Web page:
Confused about Electric potential energy / potential difference / electric potential

  • #1

Homework Statement


My textbook is no help, my teacher is no help, so Ive found myself here. I am having a difficult time understanding the differences in
1.Electric Potential energy
2. Potential Difference
3. Electric potential
Im sure this question has been asked tons of times but I need someone to try to describe this in laymans terms.

Homework Equations




The Attempt at a Solution


Ill tell you what I think I know so far:
Electric potential energy=F⋅ds=qE⋅ds, where ds is the displacement. Just like for gravity U=mgh.

The definition my textbook gives for electric potential is:
V(electric potantial)=U/q, is this U electric potential energy?

I assume potential difference is ΔV

any help would be much appreciated!
thanks
 

Answers and Replies

  • #2
RPinPA
Science Advisor
Homework Helper
571
319
V(electric potantial)=U/q, is this U electric potential energy?

I assume potential difference is ΔV
Yes and yes.

Part of the distinction lies in the distinction between the force on a particle or the energy of that particle, and the things CAUSING that particle to have energy or to experience a force. Let's go back to the Coulomb force, ##F = k q_1 Q / r^2## as the force of charge ##q_1## on charge ##Q##. Of course, it's also the force of ##Q## on ##q_1##, but I'm going to treat ##Q## as my "test particle".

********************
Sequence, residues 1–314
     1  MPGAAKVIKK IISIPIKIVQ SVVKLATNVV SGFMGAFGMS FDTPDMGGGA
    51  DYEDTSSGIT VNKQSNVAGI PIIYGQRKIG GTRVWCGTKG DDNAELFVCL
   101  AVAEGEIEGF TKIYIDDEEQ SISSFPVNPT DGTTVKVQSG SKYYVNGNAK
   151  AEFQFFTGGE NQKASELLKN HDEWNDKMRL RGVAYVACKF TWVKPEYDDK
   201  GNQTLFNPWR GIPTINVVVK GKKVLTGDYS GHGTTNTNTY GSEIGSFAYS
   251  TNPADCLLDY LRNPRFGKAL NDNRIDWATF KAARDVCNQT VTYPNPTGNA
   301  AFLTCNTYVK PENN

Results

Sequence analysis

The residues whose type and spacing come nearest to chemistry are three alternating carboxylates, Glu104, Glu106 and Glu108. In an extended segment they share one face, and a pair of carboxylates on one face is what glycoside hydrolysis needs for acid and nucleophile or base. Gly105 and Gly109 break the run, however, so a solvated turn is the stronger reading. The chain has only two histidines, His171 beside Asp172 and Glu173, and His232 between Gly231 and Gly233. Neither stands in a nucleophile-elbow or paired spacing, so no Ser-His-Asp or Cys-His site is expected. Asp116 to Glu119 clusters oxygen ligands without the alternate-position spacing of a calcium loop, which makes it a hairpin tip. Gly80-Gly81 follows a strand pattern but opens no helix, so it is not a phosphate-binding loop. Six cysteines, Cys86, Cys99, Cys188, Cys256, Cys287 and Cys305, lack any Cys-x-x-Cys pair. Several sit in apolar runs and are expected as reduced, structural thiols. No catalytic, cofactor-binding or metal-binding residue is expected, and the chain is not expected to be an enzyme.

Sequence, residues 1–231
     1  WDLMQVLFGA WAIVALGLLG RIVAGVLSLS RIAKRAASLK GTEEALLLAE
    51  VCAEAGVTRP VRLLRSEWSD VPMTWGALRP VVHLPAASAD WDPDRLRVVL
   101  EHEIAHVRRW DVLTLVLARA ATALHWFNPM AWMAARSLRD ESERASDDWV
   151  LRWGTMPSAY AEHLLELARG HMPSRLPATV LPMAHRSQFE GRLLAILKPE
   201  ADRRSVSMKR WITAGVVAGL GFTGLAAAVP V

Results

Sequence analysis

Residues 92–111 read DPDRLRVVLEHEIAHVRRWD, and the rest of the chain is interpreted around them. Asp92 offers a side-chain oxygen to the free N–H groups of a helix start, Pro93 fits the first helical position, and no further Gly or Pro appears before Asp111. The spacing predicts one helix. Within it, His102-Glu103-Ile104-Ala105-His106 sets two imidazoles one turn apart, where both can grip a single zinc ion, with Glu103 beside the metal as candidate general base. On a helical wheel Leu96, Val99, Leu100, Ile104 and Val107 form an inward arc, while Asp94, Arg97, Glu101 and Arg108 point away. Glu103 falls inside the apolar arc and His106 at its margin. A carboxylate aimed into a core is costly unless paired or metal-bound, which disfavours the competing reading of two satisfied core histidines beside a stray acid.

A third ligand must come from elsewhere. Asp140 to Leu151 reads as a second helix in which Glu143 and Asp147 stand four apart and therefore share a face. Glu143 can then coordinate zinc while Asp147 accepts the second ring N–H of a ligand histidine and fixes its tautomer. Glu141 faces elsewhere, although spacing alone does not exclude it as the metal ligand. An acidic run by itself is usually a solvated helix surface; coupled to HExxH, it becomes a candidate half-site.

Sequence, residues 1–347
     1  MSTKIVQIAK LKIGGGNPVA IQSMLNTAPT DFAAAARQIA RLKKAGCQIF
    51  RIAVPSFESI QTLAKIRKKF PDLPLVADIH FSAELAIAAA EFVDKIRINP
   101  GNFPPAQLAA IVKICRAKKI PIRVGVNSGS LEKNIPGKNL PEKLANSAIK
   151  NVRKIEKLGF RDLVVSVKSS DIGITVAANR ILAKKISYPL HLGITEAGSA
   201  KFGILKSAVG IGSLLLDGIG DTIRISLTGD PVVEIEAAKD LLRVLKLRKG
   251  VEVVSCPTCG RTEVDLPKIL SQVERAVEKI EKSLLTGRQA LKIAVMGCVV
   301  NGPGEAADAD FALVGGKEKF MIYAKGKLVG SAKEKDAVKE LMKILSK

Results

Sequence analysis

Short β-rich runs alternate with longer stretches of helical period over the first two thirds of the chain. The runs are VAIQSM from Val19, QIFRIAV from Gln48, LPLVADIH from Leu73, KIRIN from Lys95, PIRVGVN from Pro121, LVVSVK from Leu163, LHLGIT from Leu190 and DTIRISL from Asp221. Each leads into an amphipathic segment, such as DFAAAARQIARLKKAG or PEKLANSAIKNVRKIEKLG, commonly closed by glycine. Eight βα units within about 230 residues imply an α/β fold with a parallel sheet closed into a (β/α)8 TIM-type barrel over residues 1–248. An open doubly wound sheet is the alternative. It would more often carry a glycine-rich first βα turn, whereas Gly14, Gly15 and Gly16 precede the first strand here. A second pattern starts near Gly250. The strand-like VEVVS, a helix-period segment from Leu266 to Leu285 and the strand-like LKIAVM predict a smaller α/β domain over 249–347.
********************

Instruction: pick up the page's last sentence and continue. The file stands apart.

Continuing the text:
This is of the form F = (stuff) * Q. The force on Q can be expressed as a product of Q and a bunch of other stuff. And that's true when Q is being affected by a whole collection of other charges, ##F = \sum \left( k q_i Q/r_i^2 \right) = \left( \sum kq_i/r_i^2\right) Q##. So we can define something called the "electric field" E which is a property of all the other charges ##q_i##. It's ##F/Q##, the force per unit charge on Q, and it has no dependence on Q. And it can be used to predict the force on any other charge we bring up instead of Q.